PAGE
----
By Erica Garman
On any given spring weekend in Ashburn, local sports fields are bustling with youth soccer, baseball and lacrosse players. But the lesser known game of rugby is gaining steam in the area, and two local teens are making their mark (“mark” is a rugby term) — not just here, but internationally.
Axel Arias, 17, a senior at Rock Ridge High School, and Fernando Anduaga, 18, a senior at Briar Woods High School, traveled to Mexico City in spring 2018 to play with the U19 Mexican National Rugby Team. The two Ashburn boys helped the team win the Rugby Americas North Championship last July. Both boys are expected to join the Mexican team again this summer in Miami, where they will compete in this year’s tournament.
“Playing internationally was a dream come true,” Anduaga said. “That level of play is what every rugby player dreams of as a little kid. I was so grateful to be one of the few that gets to live that dream.”
For those unfamiliar with the game, rugby is often compared to football. Both are physically demanding contact sports played on a similar-sized field with an oval-shaped ball. Rugby is fast-paced, combining the throwing of football, the speed of soccer and the transition of basketball.
Arias and Anduaga are quick to add that rugby offers much more equitable play than football. Unlike the gridiron sport, rugby is based on evasive rather than aggressive play.
“Everyone gets the ball, and everyone gets to be a playmaker,” Arias said.
Rugby is also one of the more affordable youth sports because it doesn’t require expensive equipment. “All you need is a mouth guard, shorts and cleats,” Anduaga said.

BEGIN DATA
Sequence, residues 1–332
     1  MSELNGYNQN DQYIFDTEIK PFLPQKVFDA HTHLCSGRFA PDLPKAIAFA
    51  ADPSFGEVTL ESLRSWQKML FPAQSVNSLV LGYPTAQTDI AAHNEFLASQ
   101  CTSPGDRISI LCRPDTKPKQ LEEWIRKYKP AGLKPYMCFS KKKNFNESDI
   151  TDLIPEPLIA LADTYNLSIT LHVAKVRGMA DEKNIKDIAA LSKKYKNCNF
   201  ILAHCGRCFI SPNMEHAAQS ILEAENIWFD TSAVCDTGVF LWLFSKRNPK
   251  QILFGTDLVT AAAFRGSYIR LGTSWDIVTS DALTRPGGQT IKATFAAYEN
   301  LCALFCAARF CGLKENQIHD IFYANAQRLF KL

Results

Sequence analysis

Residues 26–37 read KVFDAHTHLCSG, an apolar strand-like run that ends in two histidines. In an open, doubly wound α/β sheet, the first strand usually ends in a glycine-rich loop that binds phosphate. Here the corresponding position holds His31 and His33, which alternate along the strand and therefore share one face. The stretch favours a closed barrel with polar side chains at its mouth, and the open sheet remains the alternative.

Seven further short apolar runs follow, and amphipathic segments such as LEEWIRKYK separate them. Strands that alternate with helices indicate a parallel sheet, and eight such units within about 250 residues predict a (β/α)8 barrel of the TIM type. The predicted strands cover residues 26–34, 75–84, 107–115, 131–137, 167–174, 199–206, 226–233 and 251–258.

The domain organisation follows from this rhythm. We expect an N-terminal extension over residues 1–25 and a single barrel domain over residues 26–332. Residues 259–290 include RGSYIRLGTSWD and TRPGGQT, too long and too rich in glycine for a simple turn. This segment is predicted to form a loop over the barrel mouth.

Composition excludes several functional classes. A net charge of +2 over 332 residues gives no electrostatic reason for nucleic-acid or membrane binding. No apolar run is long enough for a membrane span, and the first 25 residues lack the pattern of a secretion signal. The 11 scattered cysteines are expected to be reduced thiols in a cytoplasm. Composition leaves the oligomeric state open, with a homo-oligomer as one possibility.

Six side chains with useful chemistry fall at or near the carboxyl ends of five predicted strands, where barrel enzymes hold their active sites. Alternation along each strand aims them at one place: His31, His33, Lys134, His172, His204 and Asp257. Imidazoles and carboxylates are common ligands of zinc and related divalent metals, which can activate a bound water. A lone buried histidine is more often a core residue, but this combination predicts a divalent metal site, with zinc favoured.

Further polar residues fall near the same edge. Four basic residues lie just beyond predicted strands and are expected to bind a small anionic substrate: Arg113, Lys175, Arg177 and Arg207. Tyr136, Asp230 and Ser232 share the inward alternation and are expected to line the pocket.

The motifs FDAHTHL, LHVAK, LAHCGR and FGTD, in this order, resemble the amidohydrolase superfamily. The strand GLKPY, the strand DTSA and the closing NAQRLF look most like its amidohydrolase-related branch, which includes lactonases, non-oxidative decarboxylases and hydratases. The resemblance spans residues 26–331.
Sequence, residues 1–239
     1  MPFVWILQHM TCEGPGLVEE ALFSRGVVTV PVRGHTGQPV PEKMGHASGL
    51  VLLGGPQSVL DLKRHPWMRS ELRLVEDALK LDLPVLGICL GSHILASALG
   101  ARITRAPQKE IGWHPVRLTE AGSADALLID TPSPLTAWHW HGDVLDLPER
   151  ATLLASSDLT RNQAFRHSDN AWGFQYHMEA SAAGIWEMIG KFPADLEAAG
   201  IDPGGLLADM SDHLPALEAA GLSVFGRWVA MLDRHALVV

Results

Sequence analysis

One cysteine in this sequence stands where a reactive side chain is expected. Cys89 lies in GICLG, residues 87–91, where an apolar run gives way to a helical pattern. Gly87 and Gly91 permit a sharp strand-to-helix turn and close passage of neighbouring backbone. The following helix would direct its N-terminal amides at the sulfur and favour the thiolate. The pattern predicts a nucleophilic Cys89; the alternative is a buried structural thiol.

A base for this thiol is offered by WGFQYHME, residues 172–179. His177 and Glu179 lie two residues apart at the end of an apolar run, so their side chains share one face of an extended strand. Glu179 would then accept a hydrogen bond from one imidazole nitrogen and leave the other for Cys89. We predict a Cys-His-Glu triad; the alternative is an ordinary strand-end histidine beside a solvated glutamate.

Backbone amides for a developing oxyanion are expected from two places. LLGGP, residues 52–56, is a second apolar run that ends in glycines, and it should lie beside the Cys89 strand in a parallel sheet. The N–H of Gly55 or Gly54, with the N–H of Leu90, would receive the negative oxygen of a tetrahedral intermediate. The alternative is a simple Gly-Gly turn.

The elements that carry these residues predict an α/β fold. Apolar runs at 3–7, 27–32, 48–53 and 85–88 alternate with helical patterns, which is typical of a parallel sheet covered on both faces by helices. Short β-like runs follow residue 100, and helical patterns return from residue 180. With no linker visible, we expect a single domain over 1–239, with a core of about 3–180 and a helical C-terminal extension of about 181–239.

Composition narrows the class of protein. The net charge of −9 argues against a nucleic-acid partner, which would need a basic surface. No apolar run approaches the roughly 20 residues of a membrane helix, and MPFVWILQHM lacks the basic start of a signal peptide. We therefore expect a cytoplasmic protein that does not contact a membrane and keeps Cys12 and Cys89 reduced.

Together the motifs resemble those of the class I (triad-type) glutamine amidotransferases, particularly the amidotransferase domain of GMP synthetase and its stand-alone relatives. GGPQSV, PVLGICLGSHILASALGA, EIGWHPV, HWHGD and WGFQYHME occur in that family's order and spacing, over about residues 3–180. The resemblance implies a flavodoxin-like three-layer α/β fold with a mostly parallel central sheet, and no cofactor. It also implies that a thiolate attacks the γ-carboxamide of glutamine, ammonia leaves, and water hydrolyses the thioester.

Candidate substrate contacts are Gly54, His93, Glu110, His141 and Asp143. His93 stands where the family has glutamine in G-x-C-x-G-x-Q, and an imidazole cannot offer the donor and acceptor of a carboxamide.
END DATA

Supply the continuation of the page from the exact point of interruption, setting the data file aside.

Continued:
It’s no surprise that these boys were drawn to rugby — both their fathers played competitively in Mexico. It was this Mexican heritage that allowed the boys to play for the Mexican national team. After moving to Ashburn, the dads reconnected and enrolled their elementary-aged sons in the local youth rugby program. They also served as team coaches.
According to its website, Loudoun Youth Rugby started eight years ago as part of the Western Suburbs Rugby Football Club, catering initially to high school-aged players. It now offers co-ed tag rugby for children in Pre-K to fourth grade, and regulation team play for boys and girls in fifth through 12th grades.
Rugby isn’t a high school varsity sport in Virginia, but Arias and Anduaga are excited to continue playing locally with Loudoun Rugby, as well as with the more competitive Legion Rugby regional team, where they are both on the squad.
“I want to see where the sport takes me,” said Arias, who hopes to play at the college level next year.
Anduaga agrees. “I just want to keep playing,” he said.
And in what could be a sign of things to come, Major League Rugby — the top-level rugby league in the United States — recently announced plans to bring a professional team to the Washington area in 2020. Maybe, just maybe — we’ll be lucky enough to one day see these two Ashburn athletes — and other “ruggers” from our community — play at the pro level right here at home.
—Erica Garman is an Ashburn-based writer who has previously contributed to Northern Virginia Magazine and The Washington Post.